TV tip: A torn paradise: 3sat documentary about South Korea

TV tip
A torn paradise: 3sat documentary about South Korea

Lauren and Hakyung visit Gyeongbokgung Palace. photo

© Maria-Christina Degen/ZDF/SRF/dpa

A country of the future that is strongly attached to the roots of the past. A documentary explores one of the most fascinating countries in Asia.

South Korea holds a great fascination for many people in the Western world. Electronics companies like LG and Samsung have conquered the markets. K-pop music, the Oscar-winning film “Parasite” and series like “Squid Game” are international successes.

The documentary “South Korea – The Future is Now” by Maria-Christina Degen takes the TV audience on Wednesday (December 6th) at 9:05 p.m. into a nation full of contradictions. A country whose performance ranks as the 13th largest economy. And at the same time a country that is at the absolute bottom internationally when it comes to birth rates.

The Seoul metropolitan area, where around half of all 52 million South Koreans live, is now a popular destination for young professionals from all over the world. Lauren Guardia also turned her back on her home country, Switzerland, a few years ago and turned her dream into reality: The 35-year-old works at NCsoft, one of the three largest computer game companies.

“Today it is more accepted for people to do creative jobs,” says Lauren Guardia, who writes game texts for her employer, looking back. “For example, everyone used to want to become a doctor or lawyer. But today a lot of people study art or other creative things. You need that in the game company. Otherwise there is no game.”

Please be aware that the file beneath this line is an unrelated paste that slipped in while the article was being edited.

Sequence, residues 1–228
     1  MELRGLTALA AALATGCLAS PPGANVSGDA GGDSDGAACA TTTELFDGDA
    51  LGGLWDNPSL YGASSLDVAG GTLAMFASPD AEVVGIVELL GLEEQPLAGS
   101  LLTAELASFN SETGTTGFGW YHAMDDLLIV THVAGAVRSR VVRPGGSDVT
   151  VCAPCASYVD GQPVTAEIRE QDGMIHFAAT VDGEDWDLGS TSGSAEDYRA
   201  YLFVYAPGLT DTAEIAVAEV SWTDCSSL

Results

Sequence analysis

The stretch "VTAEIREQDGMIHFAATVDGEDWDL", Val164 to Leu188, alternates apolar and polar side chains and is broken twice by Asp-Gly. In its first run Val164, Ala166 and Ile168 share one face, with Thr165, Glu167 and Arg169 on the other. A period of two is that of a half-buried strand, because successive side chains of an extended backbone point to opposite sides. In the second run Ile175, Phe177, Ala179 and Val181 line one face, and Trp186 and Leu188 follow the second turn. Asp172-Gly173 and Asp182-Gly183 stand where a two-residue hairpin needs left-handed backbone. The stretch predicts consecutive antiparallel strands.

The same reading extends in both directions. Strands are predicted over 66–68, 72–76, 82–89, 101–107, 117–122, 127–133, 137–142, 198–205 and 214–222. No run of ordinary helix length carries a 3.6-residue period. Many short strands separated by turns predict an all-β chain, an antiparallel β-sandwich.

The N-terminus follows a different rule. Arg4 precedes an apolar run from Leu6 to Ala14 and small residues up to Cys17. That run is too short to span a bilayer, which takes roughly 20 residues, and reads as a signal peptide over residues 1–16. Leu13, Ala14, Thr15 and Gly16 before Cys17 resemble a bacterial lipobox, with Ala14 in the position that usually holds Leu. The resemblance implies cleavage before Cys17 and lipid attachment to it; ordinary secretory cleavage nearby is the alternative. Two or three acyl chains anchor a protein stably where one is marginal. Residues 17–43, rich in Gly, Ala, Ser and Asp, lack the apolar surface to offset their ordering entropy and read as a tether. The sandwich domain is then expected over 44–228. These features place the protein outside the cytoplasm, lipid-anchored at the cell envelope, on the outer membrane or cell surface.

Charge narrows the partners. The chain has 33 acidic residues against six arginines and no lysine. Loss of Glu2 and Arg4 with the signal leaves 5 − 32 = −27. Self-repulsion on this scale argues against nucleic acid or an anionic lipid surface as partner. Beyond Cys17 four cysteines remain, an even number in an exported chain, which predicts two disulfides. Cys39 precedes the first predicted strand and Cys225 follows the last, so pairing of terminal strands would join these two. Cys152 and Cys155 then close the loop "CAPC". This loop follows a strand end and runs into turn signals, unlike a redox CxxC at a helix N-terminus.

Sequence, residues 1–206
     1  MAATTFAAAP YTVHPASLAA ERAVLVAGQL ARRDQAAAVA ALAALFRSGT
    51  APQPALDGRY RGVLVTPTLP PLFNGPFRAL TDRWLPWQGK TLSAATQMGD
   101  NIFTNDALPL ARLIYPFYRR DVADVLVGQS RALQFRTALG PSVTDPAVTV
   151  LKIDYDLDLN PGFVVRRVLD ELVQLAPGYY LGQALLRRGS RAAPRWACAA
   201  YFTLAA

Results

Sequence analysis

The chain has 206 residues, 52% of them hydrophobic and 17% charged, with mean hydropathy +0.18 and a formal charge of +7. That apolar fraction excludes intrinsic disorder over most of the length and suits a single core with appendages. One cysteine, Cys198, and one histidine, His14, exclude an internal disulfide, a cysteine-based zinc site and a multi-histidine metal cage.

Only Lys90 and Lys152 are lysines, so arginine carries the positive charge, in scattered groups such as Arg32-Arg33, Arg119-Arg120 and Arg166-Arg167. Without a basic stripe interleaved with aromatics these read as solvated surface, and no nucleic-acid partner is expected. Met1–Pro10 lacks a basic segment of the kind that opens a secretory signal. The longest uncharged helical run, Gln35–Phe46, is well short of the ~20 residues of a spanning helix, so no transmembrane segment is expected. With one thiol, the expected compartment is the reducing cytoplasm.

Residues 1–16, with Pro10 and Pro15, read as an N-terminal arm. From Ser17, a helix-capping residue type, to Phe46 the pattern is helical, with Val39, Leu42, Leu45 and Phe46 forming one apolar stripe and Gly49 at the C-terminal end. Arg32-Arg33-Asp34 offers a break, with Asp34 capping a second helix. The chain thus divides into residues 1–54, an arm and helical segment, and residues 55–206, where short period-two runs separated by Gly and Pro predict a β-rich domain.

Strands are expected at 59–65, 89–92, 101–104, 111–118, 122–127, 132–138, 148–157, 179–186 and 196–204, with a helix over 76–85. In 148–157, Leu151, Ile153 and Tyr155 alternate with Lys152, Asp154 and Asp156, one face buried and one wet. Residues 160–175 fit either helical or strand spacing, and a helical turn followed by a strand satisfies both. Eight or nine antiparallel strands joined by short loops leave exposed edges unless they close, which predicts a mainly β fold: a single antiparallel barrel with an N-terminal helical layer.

Guardia’s colleague Suzy recently had a child, but will probably forego having more children for various reasons: “I always had the dream of a family,” remembers the author. “I actually wanted a lot of children. But in Korea you have to be rich to have a lot of children. All the education costs so much. When you work somewhere else, you’re usually not that flexible with your working hours. It’s really hard having one child to raise.”

Well-educated women are increasingly competing with men for the most attractive jobs. Sometimes men feel pushed out and disadvantaged because compulsory military service is imposed on them. But women in particular have a difficult time in everyday working life. South Korea has the largest gender pay gap among developed countries. Women earn over 30 percent less.

At the same time, the statutory weekly working time of 52 hours is often exceeded. Korea is characterized by the centuries-old tradition of Confucianism, which promotes wealth and education as high values, but at the same time underpins male dominance.

The dynamic capital is nevertheless attracting more and more foreigners with career ambitions. Because creative industries are booming in this part of Asia. For some, South Korea is an opportunity, for others it is crumbling under the pressure. South Korea has the highest suicide rate among industrialized countries. “A country in which children are unhappy is destined for an unhappy future,” says Nury Kim, one of the country’s harshest critics. The German scholar believes that turbo-capitalism and competition are driving society into hopelessness. The consequence is trends like the feminist “4 No’s”: no dating, no sex, no marriage, no children.


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